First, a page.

Personal & Professional Integrity

All staff, board members and volunteers of the Southern Appalachian Highlands Conservancy (“SAHC”) act with honesty, integrity and openness in all their dealings as representatives of SAHC. We embrace the highest ethical standards and promote a working environment that values respect, fairness, integrity, and transparency.


We are dedicated to making a positive impact for nature and our communities. Our success hinges on achieving the highest possible level of quality in every aspect of our work. Our reputation for excellence has enabled us to gain the respect of landowners, donors, organizational and government partners and the public, and to assume a leadership role in conservation in our region. We hold ourselves to the highest performance standards and employ the most advanced practices in conducting our work.


To accomplish all we have set out to do requires vision, resourcefulness, a responsible entrepreneurial spirit and adaptability to change. We solve problems creatively, aiming to achieve practical and meaningful conservation goals. We encourage original thought and its practical application.

Relationships and Partnerships

We work collaboratively among our staff, with our membership, donors and other supporters, and with many external partners including landowners, local communities, state and federal agencies. The quality of our relationships and partnerships is a critical determinant of our effectiveness. The scope and urgency of our mission requires that we reach out to all sectors of society – public and private – to forge strong, productive partnerships based on mutual benefit and trust. We succeed only through these combined efforts.

Equity, Inclusiveness & Diversity

We recognize historic inequities in the conservation field, access to land and ownership of land. These factors cause imbalance in communities, and we commit to purposeful action to correct them. Conservation is best advanced by the leadership and contributions of people of widely diverse backgrounds, experiences and identities.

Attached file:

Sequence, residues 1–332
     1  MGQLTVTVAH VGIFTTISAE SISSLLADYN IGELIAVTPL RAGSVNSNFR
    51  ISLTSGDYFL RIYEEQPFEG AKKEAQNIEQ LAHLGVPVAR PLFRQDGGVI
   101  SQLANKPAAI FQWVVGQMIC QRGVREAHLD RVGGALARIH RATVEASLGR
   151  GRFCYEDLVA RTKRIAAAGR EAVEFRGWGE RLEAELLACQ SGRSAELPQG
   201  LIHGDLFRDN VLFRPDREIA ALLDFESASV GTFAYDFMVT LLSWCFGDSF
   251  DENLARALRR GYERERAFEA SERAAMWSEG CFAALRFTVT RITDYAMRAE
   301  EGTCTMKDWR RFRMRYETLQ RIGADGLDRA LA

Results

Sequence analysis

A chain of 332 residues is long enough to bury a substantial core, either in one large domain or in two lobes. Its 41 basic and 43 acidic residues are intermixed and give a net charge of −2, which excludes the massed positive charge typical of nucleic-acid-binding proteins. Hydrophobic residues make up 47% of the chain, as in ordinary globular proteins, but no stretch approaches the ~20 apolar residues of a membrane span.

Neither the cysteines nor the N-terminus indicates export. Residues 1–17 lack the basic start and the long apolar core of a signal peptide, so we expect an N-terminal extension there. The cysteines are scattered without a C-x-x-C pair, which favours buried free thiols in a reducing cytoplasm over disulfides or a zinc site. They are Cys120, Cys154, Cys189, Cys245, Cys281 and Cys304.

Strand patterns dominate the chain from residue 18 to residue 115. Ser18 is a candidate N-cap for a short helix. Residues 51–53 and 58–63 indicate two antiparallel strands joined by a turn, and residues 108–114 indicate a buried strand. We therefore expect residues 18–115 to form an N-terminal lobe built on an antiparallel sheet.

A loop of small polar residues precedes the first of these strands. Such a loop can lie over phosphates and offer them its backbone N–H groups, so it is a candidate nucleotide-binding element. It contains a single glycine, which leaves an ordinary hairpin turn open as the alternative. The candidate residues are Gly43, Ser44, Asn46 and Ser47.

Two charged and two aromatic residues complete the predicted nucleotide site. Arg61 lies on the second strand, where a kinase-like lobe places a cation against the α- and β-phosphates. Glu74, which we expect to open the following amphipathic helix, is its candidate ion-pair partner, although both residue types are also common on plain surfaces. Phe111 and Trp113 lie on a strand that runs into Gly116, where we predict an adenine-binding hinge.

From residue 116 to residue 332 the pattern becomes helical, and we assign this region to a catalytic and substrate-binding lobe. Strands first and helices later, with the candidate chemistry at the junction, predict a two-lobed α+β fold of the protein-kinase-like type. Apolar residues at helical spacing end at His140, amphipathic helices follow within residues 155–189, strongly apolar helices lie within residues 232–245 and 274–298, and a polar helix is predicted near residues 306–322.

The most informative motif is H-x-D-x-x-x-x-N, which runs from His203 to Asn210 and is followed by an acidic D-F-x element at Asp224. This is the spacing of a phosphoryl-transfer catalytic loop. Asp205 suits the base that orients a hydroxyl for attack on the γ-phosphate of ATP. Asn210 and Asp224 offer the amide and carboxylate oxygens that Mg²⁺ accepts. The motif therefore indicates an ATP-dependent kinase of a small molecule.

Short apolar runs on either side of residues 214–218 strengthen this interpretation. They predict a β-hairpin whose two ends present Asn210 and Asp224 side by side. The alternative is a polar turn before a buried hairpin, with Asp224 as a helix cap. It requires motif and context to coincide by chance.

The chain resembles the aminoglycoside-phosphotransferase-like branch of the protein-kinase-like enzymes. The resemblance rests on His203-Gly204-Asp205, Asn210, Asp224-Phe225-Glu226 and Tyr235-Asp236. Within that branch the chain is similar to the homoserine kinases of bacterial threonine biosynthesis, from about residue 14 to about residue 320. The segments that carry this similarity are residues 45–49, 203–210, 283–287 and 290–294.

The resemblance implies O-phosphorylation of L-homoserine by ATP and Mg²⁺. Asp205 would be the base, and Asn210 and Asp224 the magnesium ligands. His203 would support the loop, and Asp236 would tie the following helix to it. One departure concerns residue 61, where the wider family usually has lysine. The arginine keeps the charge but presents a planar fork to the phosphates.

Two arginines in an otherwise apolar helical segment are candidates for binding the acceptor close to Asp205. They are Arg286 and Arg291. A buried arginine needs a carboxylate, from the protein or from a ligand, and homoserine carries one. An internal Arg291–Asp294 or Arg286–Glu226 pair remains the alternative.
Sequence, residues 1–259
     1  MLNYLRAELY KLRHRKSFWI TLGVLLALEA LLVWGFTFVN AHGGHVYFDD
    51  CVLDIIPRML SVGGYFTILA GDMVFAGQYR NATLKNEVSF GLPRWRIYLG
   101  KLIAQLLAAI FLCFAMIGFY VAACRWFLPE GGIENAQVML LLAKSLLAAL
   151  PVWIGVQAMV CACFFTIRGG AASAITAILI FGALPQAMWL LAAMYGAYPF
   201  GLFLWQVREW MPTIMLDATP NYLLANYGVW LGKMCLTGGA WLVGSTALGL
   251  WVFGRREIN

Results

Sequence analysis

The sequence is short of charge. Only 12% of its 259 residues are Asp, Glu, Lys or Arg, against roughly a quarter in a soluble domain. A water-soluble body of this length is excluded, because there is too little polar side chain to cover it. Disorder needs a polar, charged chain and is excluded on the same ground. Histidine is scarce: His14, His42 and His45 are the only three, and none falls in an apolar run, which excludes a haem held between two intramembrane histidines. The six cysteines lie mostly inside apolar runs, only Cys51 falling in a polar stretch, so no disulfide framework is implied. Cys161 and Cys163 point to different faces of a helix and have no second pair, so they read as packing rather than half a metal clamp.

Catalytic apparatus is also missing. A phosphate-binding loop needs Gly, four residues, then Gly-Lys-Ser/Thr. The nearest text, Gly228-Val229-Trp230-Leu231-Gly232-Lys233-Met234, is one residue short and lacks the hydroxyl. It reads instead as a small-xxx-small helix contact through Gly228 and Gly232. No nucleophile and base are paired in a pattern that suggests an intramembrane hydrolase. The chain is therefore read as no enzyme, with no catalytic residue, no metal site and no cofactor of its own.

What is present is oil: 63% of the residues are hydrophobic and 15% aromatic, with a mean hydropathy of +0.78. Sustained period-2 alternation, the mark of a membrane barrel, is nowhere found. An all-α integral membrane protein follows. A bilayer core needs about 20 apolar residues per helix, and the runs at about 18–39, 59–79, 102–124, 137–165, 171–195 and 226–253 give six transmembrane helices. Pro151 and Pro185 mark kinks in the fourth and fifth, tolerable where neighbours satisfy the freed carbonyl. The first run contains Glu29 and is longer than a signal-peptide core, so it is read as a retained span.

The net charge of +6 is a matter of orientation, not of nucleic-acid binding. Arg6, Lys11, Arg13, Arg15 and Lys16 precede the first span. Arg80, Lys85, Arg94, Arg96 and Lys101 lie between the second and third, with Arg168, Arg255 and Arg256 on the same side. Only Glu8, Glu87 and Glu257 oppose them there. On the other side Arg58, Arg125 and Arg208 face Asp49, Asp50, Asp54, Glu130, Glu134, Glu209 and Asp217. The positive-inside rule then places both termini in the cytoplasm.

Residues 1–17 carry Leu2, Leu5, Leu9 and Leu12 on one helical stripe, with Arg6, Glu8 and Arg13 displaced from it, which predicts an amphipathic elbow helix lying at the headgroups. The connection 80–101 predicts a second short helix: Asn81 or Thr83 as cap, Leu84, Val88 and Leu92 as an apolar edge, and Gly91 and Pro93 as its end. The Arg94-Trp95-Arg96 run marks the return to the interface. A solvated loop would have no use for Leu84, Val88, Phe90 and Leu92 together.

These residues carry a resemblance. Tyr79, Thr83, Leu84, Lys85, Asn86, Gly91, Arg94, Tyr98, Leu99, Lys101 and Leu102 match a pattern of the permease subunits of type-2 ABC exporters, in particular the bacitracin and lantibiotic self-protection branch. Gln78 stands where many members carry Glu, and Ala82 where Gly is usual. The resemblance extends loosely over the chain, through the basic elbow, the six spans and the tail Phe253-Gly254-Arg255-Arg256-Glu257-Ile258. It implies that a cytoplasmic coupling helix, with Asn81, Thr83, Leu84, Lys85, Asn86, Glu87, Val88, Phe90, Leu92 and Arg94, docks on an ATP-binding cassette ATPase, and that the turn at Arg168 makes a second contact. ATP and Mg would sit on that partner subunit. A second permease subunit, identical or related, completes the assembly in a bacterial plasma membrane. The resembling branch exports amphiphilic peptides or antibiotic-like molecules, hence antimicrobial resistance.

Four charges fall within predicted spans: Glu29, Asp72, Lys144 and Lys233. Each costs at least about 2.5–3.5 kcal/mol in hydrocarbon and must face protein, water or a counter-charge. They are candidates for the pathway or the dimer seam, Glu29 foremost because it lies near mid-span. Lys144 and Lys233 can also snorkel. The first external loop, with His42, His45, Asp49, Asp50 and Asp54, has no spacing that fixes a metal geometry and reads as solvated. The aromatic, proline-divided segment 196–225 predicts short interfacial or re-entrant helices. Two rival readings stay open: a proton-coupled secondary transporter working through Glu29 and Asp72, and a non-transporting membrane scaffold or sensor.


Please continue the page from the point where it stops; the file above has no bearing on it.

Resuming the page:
We will recruit and develop staff to create a diverse, inclusive and equitable organization and:

  • Leverage our differences to be more effective in achieving our mission.
  • Respect and learn from our variety of experiences and ways of thinking.
  • Create a day-to-day workplace climate that welcomes & encourages each of us, valuing the contributions of all.
  • Strengthen the diversity of our workforce, governing, board and membership.

Responsible Stewardship

Responsible stewardship of conserved lands is a primary obligation of SAHC. The long-term care of protected land is an inextricable component of land conservation. Land and conservation easements are meaningfully conserved when we manage land properly and monitor and defend easements to prevent inappropriate uses that would damage or destroy the conservation values for which the lands are protected.

Conservation Ethic

SAHC seeks to instill a conservation ethic by connecting people with land. We seek to foster a conservation ethic by providing opportunities for people of diverse backgrounds to experience the restorative and intrinsic values of conserved land so that they will better understand and appreciate its many benefits and, in turn, become advocates for its preservation.

2021-2025 Strategic Planning Goals


priority lands that further our conservation mission.


land and conservation easements that SAHC holds, and lead the way in landscape-scale stewardship of the globally significant fragile ecosystems of the Highlands of Roan.


people with land for outdoor recreation, health, fitness, wellbeing, farming, livelihood and learning, striving to create equitable access to land for all people.


our organizational and financial capacity while supporting an equitable and inclusive culture in order to achieve our ambitious program goals and assure SAHC’s future sustainability to meet long-term responsibilities.


PDF view of 2021 strategic planning goals